Serpent’s Skull – DM notes

9 July, 2011

So, I am running Serpent’s Skull. I might jot down a few things that might come in handy for other DMs, as I discover them. These notes will contain spoilers for players, but I know my guys will be reading this so I’ll restrict the spoilers to stuff that has already happened in our game. Nevertheless, guys, perusing this stuff may take a little of the magic away. Your choice.

One of the issues with the game material is that certain stuff is scattered around the various source documents. The wandering monster rules are in the bestiary, the NPC rules are in the “Shipwrecked!” supplement, and so on. It’s a bit of a challenge pulling it together.

If you are running the game:

Track the game state

You will need a piece of paper on which to keep the game “state”.


Each NPC has a morale and an attitude, and each NPC and player may have a campsite “role”.

panicked, frightened, shaken, normal, hopeful. Starting morale is “shaken”.

hostile, unfriendly, indifferent, friendly, helpful. Staring morale is as per the notes for each NPC.

guard, defender, entertainer, hunter, medic. To fill a “role”, the NPC or player must be busy doing that the entire day. No role for the NPC until made “Indifferent”, and roles available are as per the notes.


The Island has a limited amount of certain monsters – track them. I suspect that the number of monsters is important with regard to XP available on the Island. You can’t grind to 20th level on Smuggler’s Shiv.


Keep a calendar and keep track of how many days it’s been. Log events like monster kills – perhaps 10M, 10D, 10E, 10N for morning, day, evening and night of day 10. This is particularly important for timed events. I was considering also using this calendar to work out when high tide and low tide are. On earth, high and low tide happen twice each day, and the time moves around the clock once a month, so morning high-tide becomes morning low-tide after one week.

Daily routine

The daily routine is:

  1. Sunup: wandering monster check, NPC state check. Is the party moving camp, or is the party exploring from a base?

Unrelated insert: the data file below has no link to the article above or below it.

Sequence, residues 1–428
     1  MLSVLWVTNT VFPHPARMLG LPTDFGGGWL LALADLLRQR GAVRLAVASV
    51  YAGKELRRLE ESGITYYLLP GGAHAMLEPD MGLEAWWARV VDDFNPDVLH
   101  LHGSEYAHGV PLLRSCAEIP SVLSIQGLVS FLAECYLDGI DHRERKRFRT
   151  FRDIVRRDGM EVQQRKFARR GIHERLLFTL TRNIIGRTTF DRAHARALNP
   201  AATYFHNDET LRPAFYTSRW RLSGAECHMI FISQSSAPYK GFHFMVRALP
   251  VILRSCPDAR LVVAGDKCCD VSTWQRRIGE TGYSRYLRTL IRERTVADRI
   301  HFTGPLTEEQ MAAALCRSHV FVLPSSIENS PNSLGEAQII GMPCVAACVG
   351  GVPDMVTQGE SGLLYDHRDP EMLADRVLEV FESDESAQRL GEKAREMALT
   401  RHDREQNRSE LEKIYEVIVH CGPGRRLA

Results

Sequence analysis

2. Midday: wandering monster check, possible heat chack
  3. Sundown: wandering monster check, disease exposure check. Check to set up camp, if necessary.
  4. Midnight: wandering monster check

  • Wandering monster check is: 15%, -5% per guard. Remember that “Defender”s do free damage.
  • NPC morale check is DC 15 Will. +2 per entertainer. Failure by 5 worsens the state.
  • NPC attitude check is a diplomacy roll, modified by morale (+2, 0, 0, -2, -4) and circumstance.
  • Camp. if the party is on the move, then they need to leave enough time in the afternoon to set up camp. If the survival roll is bad and they need more hours of daylight than they have budgeted for, then no camp that night.
  • Disease exposure: 25%. -15% for having a decent camp, -5 for each medic. I take disease exposure to mean “chance of being bitten by something carrying something during the night”.
  • Heat. “Strenuous activity” during the hot part of the day triggers a fort save. This includes a fight at the midday wandering monster encounter. It should probably also include attempting to bush-bash through jungle at around midday. DC 15 on the hour, +1 for each consecutive hour (the hot part of the day is 3 hours), 1d4 nonlethal. Odd – I would have thought that the character becomes fatigued, but the penalties for exhaustion are pretty steep. (Note that Jask can prepare Endure Elements).

I suppose the best bet would simply be to keep the calendar as a spreadsheet. Columns are:

  1. Day #
  2. High/Low tide – advance by 2 hours a day to keep it simple. So 2/8 means high tide at 2am/pm, low at 8 am/pm.
  3. NPC State – Two columns per npc.
  4. Role – one column for each PC and NPC. Roles have to be the entire day, so if a PC is adventuring, then they are not doing a campsite role that day.